Also included is a contemporary release of Ib Kofod-Larsen's 1953 Penguin Chair by MENU, Plank and Konstantin Grcic's stackable Miura stool from 2005 and Verner Panton's Easy Sofa and pouf by Verpan originally designed in 1964.
Reproductions of furniture and lighting fixtures dating from the 1950s to the early 2000s – such as those listed below – are made for a number of reasons, including consumer demand for iconic pieces and the inclination to remake timeless items from more sustainable materials.
Dezeen Showroom presents sensitively reissued design classics from a variety of internationally recognised brands, designers and manufacturers.
Terje Ekstrøm designed the Ekstrem chair in 1984 as a playful statement seating piece with a structure that allows for many different seating poses and postures.
Versatile and functional, the D1, D1+ and D2 chairs were created around 90 years ago and are examples of Typenmöbel – furniture with a design that has been honed to allow for mass production.
The striking piece dates from 2005 and was created in parallel with Plank's transformation from a furniture brand specialising in wooden chairs to an international design company, according to the brand.
Danish designer Arne Jacobsen first came up with the lamp in 1929 made up of a simple base, stem and semi-conical shade.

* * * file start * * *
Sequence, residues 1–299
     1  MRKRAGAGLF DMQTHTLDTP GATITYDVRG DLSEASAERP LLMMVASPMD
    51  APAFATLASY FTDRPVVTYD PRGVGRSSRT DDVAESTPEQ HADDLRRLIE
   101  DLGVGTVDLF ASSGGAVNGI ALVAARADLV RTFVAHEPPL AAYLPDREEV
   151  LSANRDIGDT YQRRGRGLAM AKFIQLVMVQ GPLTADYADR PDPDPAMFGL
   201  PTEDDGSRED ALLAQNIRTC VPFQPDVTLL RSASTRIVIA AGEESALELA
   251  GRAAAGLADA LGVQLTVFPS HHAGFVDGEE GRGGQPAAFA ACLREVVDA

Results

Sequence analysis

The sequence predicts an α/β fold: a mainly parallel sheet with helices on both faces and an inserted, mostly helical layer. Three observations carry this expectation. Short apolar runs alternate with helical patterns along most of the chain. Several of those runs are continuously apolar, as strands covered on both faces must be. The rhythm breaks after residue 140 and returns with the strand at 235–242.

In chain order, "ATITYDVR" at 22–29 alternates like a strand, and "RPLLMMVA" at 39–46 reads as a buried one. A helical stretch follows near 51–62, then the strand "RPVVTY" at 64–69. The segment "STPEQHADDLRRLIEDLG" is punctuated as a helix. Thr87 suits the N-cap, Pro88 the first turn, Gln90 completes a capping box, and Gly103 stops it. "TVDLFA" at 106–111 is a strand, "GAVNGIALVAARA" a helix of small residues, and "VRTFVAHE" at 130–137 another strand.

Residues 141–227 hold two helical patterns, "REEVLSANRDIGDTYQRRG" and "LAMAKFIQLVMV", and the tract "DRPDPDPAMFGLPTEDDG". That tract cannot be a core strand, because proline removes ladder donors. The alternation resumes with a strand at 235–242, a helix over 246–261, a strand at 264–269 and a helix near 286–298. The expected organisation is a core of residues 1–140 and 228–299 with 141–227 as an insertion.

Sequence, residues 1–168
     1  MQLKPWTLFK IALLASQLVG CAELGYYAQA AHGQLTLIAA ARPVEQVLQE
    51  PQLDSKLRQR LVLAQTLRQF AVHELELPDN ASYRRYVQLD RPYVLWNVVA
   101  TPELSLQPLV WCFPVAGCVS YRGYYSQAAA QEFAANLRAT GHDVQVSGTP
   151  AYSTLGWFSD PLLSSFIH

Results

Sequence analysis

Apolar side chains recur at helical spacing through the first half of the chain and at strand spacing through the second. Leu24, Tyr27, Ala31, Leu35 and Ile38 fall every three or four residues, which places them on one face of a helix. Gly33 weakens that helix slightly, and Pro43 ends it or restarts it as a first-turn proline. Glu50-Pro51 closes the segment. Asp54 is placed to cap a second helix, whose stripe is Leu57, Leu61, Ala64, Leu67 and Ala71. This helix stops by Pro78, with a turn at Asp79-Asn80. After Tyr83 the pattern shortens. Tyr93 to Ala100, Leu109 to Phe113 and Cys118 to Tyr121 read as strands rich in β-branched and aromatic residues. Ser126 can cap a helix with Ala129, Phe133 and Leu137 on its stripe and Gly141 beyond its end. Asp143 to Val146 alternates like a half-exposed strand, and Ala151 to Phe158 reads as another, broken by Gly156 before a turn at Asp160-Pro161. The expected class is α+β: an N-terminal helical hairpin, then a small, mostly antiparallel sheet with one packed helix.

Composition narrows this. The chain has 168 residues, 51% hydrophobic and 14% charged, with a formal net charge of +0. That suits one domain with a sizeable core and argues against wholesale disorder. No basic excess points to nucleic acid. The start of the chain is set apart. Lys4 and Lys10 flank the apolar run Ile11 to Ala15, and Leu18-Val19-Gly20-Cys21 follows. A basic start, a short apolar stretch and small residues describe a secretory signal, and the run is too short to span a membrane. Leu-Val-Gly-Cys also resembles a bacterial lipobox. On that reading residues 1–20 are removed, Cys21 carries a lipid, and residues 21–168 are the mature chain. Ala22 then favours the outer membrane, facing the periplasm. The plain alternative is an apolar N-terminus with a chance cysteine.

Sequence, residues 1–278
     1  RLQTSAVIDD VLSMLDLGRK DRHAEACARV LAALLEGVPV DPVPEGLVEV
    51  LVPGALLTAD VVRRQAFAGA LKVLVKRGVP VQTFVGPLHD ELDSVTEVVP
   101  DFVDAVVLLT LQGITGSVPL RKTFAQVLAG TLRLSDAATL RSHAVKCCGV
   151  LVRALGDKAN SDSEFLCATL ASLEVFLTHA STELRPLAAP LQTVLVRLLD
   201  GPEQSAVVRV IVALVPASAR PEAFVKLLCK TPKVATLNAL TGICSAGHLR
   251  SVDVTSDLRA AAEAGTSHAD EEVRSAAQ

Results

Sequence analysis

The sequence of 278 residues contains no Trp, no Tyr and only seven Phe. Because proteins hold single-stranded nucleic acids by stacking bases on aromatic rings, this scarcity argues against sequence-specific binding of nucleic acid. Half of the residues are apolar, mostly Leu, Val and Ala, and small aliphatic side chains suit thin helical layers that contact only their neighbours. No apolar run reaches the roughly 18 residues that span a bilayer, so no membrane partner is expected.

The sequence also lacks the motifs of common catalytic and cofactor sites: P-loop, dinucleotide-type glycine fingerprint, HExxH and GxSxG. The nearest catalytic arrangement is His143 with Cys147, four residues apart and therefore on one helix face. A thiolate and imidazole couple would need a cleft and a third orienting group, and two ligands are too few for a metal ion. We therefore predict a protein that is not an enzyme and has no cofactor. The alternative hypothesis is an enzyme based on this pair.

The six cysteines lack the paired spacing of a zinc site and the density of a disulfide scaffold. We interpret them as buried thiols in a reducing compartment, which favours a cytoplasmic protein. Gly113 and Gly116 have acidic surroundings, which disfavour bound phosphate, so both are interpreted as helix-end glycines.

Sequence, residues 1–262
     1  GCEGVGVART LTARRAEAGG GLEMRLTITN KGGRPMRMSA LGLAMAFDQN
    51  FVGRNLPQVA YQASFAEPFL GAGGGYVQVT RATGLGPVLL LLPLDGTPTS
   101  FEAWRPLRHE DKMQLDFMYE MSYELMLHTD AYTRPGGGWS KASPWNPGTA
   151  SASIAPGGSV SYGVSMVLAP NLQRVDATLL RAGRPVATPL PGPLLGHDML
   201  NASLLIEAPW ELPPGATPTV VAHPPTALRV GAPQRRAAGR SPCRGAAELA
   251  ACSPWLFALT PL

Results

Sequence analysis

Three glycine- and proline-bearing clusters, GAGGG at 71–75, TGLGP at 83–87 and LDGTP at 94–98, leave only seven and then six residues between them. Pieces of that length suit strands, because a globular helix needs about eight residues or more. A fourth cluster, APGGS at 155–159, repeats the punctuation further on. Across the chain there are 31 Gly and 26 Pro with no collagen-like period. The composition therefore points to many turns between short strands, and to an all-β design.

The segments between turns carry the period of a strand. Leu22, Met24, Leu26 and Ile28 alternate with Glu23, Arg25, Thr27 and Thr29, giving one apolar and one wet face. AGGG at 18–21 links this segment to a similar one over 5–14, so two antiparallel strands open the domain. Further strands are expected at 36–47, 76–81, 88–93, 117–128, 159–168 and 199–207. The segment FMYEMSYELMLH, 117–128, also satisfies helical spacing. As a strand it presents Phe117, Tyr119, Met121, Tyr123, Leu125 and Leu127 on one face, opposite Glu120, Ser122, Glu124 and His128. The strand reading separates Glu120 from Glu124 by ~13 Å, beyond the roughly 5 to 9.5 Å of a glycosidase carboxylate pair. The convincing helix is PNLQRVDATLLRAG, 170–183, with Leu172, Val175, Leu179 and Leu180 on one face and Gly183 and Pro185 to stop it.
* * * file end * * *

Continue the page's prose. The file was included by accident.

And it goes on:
The chair represents Afdal's interpretation of an archetypal Norwegian hunting chair, a popular seating choice in the 1960s.
The sofa features four U-shaped backrests to allow users to sit facing outwards and both the sofa and pouf have rounded footprints and give the impression of being formed from stacked discs.
The chair's streamlined shape with flipper-like back and arm rests earned it its name, and it is available in a range of wood, upholstery and frame options including four-legged and rocking base versions.
The lounge chair dates from 1948 and features a built-in tray intended to hold a whiskey tumbler, and has only recently been put into production on account of its decadent use, which was not well received in Denmark during the late 1940s.
The chair is named after its original purpose for professors at St Catherine's College in Oxford, and it's rerelease aims to be used across a variety of interior spaces.
The chair's accessible design was informed by traditional cabinetry techniques and is used across a wide range of applications, from domestic and hospitality interiors to public and commercial settings.
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